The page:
Cleaning a headstone can be fun and also profitable. Fun in regards to the peace & pleasure one will receive from working to clean up the memorial of a loved one. Profitable in the way of making good money offering this service once this skill is learned. The good news is that the skill of cleaning headstones can be learned real quickly.
How to clean a headstone...
First you must determine what type of material the headstone is made of. Just because we call them a "headstone" doesn't necessarily mean they are made of stone although generally they are. Headstones can be made from metals (typically bronze) or out of just about any other type of long lasting material. This information however will only cover metal and stone types of grave makers.
To find out the type of stone or metal we can look at a few things. Number one appearance. Using your basic knowledge what does the stone look like? Color and textures will tell you a lot. Second, you can also tell the type of stone by the date. Certain types of stones or metal were more popular depending on the era of burial. Finally, if you aren't confidant with your previous judgments, you can ask a cemetery caretaker their opinion and chances are they will be spot on. Whatever you do, nail down the type of headstone before you begin the cleaning as different materials require different methods.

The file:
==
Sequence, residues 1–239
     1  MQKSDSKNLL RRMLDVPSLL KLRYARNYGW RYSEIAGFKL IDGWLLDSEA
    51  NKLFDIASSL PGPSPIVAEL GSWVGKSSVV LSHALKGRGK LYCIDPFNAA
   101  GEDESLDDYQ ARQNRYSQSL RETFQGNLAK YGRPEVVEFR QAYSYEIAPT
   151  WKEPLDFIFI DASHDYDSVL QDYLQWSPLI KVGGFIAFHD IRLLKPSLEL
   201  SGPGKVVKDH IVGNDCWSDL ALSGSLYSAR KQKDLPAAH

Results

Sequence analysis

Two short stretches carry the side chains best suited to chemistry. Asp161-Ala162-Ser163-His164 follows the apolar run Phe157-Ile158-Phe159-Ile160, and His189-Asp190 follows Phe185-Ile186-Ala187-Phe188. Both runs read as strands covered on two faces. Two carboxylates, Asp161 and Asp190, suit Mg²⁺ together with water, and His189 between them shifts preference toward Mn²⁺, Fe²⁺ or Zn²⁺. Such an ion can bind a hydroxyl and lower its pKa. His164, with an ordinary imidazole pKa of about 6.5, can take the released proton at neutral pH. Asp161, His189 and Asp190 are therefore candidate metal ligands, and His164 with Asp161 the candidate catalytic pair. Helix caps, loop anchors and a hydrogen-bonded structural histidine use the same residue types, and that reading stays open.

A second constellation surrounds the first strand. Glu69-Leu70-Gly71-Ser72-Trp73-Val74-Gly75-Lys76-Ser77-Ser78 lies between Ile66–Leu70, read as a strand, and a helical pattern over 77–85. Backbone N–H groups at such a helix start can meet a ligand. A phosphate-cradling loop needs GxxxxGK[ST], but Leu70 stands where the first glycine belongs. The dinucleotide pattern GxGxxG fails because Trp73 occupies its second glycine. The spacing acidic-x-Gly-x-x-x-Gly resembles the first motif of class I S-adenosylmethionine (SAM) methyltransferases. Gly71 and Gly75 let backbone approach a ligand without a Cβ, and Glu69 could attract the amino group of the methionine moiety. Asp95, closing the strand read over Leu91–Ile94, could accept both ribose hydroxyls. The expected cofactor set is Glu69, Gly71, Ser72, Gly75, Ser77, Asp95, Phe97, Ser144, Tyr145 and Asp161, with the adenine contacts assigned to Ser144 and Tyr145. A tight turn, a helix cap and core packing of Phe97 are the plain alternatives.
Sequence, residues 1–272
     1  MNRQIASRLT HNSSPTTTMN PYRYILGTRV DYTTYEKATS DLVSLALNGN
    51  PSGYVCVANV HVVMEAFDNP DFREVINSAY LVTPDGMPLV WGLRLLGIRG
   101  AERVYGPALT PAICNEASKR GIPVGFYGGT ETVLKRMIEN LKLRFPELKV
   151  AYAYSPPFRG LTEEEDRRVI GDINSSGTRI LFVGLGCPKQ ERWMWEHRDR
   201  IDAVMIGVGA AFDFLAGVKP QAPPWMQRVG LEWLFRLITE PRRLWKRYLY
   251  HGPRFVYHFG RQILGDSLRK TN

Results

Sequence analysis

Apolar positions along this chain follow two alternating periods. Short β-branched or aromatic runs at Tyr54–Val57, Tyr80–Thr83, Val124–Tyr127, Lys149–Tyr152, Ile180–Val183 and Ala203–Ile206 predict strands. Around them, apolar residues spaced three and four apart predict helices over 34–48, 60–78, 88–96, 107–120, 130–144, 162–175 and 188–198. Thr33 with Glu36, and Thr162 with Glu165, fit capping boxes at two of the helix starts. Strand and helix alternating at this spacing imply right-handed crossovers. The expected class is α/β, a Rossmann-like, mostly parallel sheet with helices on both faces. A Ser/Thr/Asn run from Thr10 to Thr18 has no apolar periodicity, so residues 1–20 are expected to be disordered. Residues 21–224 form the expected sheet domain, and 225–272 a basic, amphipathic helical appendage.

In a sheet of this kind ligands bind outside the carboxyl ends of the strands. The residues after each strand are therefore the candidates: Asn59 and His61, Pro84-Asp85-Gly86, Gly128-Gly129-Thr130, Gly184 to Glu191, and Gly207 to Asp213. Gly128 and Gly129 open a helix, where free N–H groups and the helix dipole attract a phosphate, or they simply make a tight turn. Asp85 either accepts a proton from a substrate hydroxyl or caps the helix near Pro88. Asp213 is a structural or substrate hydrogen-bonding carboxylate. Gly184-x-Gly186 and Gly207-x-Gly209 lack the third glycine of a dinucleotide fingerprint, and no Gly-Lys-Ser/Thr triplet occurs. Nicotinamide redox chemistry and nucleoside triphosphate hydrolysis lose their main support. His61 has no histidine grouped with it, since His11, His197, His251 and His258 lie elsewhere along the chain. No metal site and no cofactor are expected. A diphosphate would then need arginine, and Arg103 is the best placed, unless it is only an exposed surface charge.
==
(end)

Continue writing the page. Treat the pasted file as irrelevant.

Next, you will want to know what you want to clean. Is the stone just a few years old and slightly dull due to dirt, debris or hard water? Or is the stone several years old and in need of several different treatments to remove perhaps moss and lichens or other naturals stains? Is the material faded and in need of a deep cleaning and polish? Determining what you need done will help you know what supplies are need and what processes to use.
When it comes to the work itself don't be bashful. Most of these markers are not as delicate as they seem; however, here are a few warnings and suggestions.
Be sure the stone is stable. You do not want to knock it over or break off any pieces. If a stone is crumbling chances are you will not be able to clean it with out causing further damage. Also, be sure to test out any type of chemical or cleaning solvent on a small area before covering the more visible parts of the headstone. Look for any type of reaction or color change before you continue. If using chemical based products, always keep nearby vegetation safe by wiping up and away said chemicals before they hit the ground, and always follow product instructions using the proper safety equipment as called for.
Your knowledge of headstone cleaning will grow as you work with the different types of materials including marble, granite, bronze, and limestone. As you become well first in grave tending, you can offer your services and make a handsome profit.